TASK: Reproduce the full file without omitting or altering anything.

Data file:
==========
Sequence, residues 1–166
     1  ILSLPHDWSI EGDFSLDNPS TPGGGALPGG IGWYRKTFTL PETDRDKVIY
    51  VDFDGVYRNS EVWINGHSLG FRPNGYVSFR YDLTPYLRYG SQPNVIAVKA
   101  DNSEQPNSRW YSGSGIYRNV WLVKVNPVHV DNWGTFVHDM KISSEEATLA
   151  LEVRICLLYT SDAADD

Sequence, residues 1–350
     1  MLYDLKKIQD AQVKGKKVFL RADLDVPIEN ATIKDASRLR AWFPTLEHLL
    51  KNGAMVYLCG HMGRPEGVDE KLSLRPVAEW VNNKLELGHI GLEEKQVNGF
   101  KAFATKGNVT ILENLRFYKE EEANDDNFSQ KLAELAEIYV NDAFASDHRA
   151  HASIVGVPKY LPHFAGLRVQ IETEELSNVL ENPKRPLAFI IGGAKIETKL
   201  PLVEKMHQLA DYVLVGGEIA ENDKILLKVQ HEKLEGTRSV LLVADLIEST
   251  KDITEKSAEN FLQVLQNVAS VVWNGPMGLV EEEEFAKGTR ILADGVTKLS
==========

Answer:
Sequence, residues 1–166
     1  ILSLPHDWSI EGDFSLDNPS TPGGGALPGG IGWYRKTFTL PETDRDKVIY
    51  VDFDGVYRNS EVWINGHSLG FRPNGYVSFR YDLTPYLRYG SQPNVIAVKA
   101  DNSEQPNSRW YSGSGIYRNV WLVKVNPVHV DNWGTFVHDM KISSEEATLA
   151  LEVRICLLYT SDAADD

Sequence, residues 1–350
     1  MLYDLKKIQD AQVKGKKVFL RADLDVPIEN ATIKDASRLR AWFPTLEHLL
    51  KNGAMVYLCG HMGRPEGVDE KLSLRPVAEW VNNKLELGHI GLEEKQVNGF
   101  KAFATKGNVT ILENLRFYKE EEANDDNFSQ KLAELAEIYV NDAFASDHRA
   151  HASIVGVPKY LPHFAGLRVQ IETEELSNVL ENPKRPLAFI IGGAKIETKL
   201  PLVEKMHQLA DYVLVGGEIA ENDKILLKVQ HEKLEGTRSV LLVADLIEST
   251  KDITEKSAEN FLQVLQNVAS VVWNGPMGLV EEEEFAKGTR ILADGVTKLS